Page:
3. Are best-of-breed SaaS tools better than all-in-one traditional ones? The Cloud data ecosystem has exploded and has hit critical mass.  We are seeing more and more “born-in-the-Cloud” data & analytics vendors that are truly leveraging the elasticity of storage and compute power in the Cloud.  These new vendors might not have all the features of traditional tools, but they are best-of-breed in their respective space. Traditional vendors have done a “lift-and-shift” of their technology to the Cloud and usually cover several components because integration was so difficult.  Take for example a BI tool that does ETL, Data Warehousing and Visualizations. It is not hard to see that an ecosystem of three different specialized vendors that work seamlessly together increase speed to market, flexibility and reduce vendor lock in. Can one vendor have enough resources or focus than three separate ones?

Alternatively… Now, speed to market is critical so consider only using SaaS tools with low upfront and exit costs.  In the Cloud data ecosystem, there are numerous born-in-the-Cloud tools that will get the job done, quickly. To provide maximum flexibility, go with best-of-breed in their respective area and don’t be concerned with having more tools. At the end of the day, if the tool does not work, replace it with a new one to get you to value from your data assets.

 

4. Does the solution need to be bullet-proofed before users see it?  Many companies have a set process to move new technology into Production.  These processes are critical to reduce errors and disruptions. Data & analytics projects are no exception. Data needs to be prepared, validated and verified before the masses see it.  This approach, however, takes time, and a lot of it.

Alternatively…Consider getting the raw data in all its glory to a focused group of users in the business that will be making the decisions.  With the proper expectations, this approach not only allows the business users to see progress, but gets them involved sooner to help improve the quality and usefulness of the data.  Making decisions on good but not perfect data is better than decisions on no data at all. It is perfectly fine to allow these users access to data in a Development environment. The Productionalization of the data ingestion, preparing and storage can come later once value has been proved.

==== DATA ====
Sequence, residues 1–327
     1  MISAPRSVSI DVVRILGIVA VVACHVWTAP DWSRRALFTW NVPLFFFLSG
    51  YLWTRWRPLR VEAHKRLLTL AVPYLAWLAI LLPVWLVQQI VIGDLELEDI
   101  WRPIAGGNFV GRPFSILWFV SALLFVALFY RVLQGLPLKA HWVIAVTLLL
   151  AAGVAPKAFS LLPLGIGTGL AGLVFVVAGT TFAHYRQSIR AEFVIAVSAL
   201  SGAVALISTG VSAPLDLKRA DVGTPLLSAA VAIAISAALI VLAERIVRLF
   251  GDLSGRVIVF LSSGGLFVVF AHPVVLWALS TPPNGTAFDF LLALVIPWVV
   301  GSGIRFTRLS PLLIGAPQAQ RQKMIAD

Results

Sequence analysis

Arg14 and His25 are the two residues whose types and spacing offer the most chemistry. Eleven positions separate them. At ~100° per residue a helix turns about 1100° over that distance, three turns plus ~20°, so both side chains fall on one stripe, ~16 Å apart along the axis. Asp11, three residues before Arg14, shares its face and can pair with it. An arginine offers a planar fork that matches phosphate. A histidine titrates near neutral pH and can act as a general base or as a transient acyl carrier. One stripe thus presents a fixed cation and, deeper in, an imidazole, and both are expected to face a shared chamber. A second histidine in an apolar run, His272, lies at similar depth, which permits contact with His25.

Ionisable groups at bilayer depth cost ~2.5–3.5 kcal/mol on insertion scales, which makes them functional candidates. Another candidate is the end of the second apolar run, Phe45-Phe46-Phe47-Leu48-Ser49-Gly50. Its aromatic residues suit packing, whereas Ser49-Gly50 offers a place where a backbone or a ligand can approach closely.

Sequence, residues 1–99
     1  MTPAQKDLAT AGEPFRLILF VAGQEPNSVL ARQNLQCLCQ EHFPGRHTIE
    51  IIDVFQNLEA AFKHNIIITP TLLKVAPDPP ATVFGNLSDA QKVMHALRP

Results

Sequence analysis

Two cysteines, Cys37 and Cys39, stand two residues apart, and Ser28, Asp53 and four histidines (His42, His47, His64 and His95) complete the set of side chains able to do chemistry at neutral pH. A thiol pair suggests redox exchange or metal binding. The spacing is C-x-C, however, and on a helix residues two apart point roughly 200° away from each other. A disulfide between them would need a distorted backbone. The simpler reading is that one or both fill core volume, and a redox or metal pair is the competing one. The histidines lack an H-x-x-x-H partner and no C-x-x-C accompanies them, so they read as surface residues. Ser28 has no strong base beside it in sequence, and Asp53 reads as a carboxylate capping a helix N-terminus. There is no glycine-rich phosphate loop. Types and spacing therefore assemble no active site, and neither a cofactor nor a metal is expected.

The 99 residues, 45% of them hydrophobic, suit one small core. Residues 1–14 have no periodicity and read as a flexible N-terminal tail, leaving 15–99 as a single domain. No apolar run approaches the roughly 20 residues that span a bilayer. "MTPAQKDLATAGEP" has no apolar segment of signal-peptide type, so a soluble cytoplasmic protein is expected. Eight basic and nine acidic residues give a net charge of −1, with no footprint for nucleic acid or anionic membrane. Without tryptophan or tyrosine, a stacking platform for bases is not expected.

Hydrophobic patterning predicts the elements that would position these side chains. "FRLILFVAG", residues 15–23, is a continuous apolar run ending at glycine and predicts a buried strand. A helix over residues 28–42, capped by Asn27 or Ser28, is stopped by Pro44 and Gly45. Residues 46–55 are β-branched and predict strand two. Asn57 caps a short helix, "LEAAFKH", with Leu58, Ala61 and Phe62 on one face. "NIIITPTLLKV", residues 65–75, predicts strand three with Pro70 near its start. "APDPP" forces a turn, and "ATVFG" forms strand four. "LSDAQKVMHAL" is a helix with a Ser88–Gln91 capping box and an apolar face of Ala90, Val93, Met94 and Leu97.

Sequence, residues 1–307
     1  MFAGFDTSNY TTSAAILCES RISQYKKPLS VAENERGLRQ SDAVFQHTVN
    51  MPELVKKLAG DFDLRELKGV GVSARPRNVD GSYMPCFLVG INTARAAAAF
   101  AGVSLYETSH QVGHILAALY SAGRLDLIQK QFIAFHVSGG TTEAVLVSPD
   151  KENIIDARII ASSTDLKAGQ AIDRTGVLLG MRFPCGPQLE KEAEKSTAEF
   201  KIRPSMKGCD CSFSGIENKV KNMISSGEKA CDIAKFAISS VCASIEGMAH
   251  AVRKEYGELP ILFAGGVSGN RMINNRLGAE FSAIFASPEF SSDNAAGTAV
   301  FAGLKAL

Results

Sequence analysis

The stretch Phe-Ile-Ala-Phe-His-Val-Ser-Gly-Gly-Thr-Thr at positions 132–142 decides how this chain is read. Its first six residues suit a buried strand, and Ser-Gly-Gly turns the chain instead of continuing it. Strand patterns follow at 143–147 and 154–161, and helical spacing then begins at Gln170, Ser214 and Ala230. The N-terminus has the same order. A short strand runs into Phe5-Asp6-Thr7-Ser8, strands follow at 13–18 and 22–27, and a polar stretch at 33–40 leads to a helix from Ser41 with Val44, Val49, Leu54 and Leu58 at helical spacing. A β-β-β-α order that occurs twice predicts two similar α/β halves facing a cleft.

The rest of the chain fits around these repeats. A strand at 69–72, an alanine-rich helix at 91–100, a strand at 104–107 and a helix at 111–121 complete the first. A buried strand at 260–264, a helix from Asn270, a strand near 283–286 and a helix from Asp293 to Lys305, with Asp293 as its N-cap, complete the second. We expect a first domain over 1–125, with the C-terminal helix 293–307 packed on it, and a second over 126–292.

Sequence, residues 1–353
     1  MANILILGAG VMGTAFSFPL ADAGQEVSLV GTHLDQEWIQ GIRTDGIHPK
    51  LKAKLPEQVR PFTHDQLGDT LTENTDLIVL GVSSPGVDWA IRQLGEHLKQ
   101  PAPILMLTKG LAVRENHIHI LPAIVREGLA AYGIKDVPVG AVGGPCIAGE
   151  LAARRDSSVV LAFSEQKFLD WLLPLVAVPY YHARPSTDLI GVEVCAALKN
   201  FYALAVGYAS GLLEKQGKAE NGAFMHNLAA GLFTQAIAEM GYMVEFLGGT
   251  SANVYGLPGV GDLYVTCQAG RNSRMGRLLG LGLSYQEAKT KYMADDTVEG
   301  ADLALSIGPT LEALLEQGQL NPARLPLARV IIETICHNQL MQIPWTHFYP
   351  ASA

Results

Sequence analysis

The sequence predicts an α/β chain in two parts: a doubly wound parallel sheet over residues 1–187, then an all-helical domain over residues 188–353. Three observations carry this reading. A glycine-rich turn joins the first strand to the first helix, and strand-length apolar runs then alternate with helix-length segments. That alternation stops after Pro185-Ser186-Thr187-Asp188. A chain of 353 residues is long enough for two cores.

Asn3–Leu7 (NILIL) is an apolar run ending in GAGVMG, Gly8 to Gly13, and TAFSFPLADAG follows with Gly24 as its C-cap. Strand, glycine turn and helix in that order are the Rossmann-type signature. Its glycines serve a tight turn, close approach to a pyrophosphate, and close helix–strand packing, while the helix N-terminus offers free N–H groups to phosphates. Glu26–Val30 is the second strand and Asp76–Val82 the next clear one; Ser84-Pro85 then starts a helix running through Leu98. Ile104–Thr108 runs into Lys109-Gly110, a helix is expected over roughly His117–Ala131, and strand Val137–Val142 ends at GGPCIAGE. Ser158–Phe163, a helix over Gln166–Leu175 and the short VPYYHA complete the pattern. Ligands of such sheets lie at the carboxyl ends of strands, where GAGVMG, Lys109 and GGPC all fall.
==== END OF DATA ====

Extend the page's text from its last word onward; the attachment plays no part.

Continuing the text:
5. Are my internal resources up to the challenge? Companies usually like to try to do things themselves first.  In the Cloud data & analytics space, we have seen numerous companies tap their internal data professionals to learn the Cloud data ecosystem, do a proof of concept or two, and then figure out which tools might fit with their existing technology stack.  This process could take months between training, tool selection, and learnings from mistakes.

Alternatively…. Most companies want to bring their people along with new technology – that can be done later when there is more time. Companies also think internal resources are less expensive – but what is the opportunity cost of not acting now. Having a trusted partner that already has the experience will greatly accelerate any Cloud data & analytics project.  

 

To wrap up the conversation, let’s talk about what this might look like in practice.  What if you were able to abbreviate the vendor selection process and just select born-in-the-Cloud SaaS-based Cloud data & analytics tools that specialize in their respective space?  As an example, this might be a combination of Snowflake (for Data Warehousing), Sigma (for Excel-like business intelligence), and Matillion (for data ingesting and transformations).  Next, what if you engaged with the business users and reset expectations?  You could quickly identify only the data you needed to keep the effort focused and let them know the data is not perfect and they were part of the verification process.  With the data identified, what if you then just ingested bulk data from your source systems into Snowflake without a connection to source systems? Access to even week-old data is more helpful than no access at all.  Once in Snowflake you can prepare the data with standard SQL or leverage Matillion. And lastly, with your “good-enough” data, connect to Sigma as a Business Intelligence tool we affectionately refer to as Excel of steroids.  With the accelerated access, decisions can then be made immediately and put into action. Once everything stabilizes, then it’s time to Productionalize your efforts and expand your data & analytics capabilities. 

With a different mindset, actionable insights that will affect the top- and bottom-lines could be possible in a matter of weeks, and not the traditional months it usually takes. What would this level of speed to insights do for your company and its outlook?

 

About Integress

Integress, the Philadelphia-based Data Analytics Company, helps companies understand, build and accelerate their Cloud Data Ecosystem, Machine Learning and AI capabilities.  

Through a combination of business consulting to the C-Suite and deep data expertise, we deliver measurable value from our client’s data assets that meet business outcomes of increasing revenue and profit, creating new revenue streams, gaining competitive advantages, and becoming customer-centric. 

Since 1998, we have been a trusted voice working alongside CxOs to meet corporate goals that leverage data as a strategic asset, while accelerating time to market, reducing execution risk and ensuring business-to-IT alignment.